America’s lost love affair with cars
Published 11:11 pm Tuesday, August 30, 2016
I’m a car guy.
As a teen, I spent hours working on my dad’s car, buffing and polishing it with the hope that I’d be permitted to take it out for the night with my friends.
The automobile was our ticket to freedom, you see —- our chance to make new friends and, hopefully, meet some ladies! So it saddens me that younger generations, according to a variety of recent studies, couldn’t care less about the automobile.
The smartphone is their connection to the outside world, after all, and their Uber driver will take them wherever they want to go.
But they have no idea what they’re missing.
The very first car I ever drove was Donnie Kriegor’s 1969 Chevelle SS. With its 396 four-barrel engine and 375 heart-stopping horses under the hood, it was then, and still is now, an American icon.
From a dead stop, Donnie encouraged me to floor it, pop the clutch and let out a tire-burning, all-hell-breaking-loose eruption that I dream about still.
My first car, which I bought fresh out of college, was a bright orange 1972 Plymouth Duster. It was nothing to boast about but it was all mine and gave me the freedom to explore God’s great open spaces anytime I pleased.
I rounded out my 20s with a 1987 Firebird with a T-top roof. My social life was at its peak during the five wonderful years I owned that car. I had the T-tops off every chance I could and used it to date some of Pittsburgh’s loveliest ladies.
I picked up a 1970 VW Beetle convertible for $400 when I was 24. I cleaned up the paint and the mechanics and enjoyed, to date, the best summer of my life. The car took me to more social gatherings that summer than I’ve been to since.
I bought a 1978 MGB convertible a few summers after that and enjoyed driving with the top down every chance I could. That, too, was one of my most memorable summers.
I’ve driven a variety of cars since then —- some manual shift, some automatic, some wicked fast and fun to drive, some practical and economical.
During the past five years, I’ve been through a lot of car changes. I bought a brand new 2010 Nissan Maxima, which was an amazing car. It was spacious, sleek and fast, but it was terrible in the snow.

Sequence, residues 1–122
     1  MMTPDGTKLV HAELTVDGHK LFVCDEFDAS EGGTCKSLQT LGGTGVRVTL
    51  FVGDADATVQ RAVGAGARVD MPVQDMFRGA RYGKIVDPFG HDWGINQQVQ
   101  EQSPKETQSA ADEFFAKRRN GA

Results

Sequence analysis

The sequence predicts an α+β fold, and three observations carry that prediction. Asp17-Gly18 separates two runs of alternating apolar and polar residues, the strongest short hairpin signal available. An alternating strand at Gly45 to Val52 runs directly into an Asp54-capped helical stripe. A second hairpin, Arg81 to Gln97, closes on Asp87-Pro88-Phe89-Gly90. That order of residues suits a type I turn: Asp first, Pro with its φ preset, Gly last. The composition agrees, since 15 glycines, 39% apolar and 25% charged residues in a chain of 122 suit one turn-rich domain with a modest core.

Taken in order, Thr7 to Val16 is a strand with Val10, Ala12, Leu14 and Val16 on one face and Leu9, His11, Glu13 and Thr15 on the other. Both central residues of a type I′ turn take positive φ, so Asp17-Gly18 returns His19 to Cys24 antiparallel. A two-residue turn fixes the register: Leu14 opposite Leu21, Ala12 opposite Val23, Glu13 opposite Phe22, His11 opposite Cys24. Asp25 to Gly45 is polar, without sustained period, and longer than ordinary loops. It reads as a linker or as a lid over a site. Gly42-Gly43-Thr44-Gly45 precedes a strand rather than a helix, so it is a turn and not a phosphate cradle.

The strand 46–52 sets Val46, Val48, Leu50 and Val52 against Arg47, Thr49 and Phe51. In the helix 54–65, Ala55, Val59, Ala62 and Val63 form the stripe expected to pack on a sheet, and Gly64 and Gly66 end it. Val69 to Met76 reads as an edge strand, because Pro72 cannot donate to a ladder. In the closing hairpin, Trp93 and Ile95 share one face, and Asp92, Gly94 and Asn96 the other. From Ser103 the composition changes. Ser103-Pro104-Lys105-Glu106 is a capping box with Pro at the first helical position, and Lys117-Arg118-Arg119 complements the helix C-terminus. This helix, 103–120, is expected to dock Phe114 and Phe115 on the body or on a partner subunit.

So I picked up a 2000 Jeep Wrangler 4×4 —- like most sane people, I’ve always longed to own a Jeep —- but I ran into costly mechanical issues and had to part with it. I traded it and the new Maxima for a brand new 2012 Jeep Wrangler.
I loved that car at first but had some issues with it that wore me down. I got rid of it and leased a brand new 2013 Infiniti G37X with all-wheel-drive. That car was a blast to drive and it whipped through the snow, but it was too flashy for my current needs.
Now I’m driving a 2008 Toyota 4Runner that is incredibly reliable and spacious. I am able to haul construction supplies and furniture to property projects my partner and I always have going. I marvel at its quality every time I get behind the wheel.
In any event, every single car I’ve owned over the years evokes powerful memories —- which is why, like millions of car-loving Americans before me, I can spend hours talking to other car guys about our cars.
Such talks will be lost on younger Americans as they age. They’ll never discuss their Droids and iPhones the way car guys discuss cars.
They will never know what they’re missing.
Tom Purcell, author of “Misadventures of a 1970’s Childhood” and “Wicked Is the Whiskey,” a Sean McClanahan mystery novel, both available at Amazon.com, is a Pittsburgh Tribune-Review humor columnist.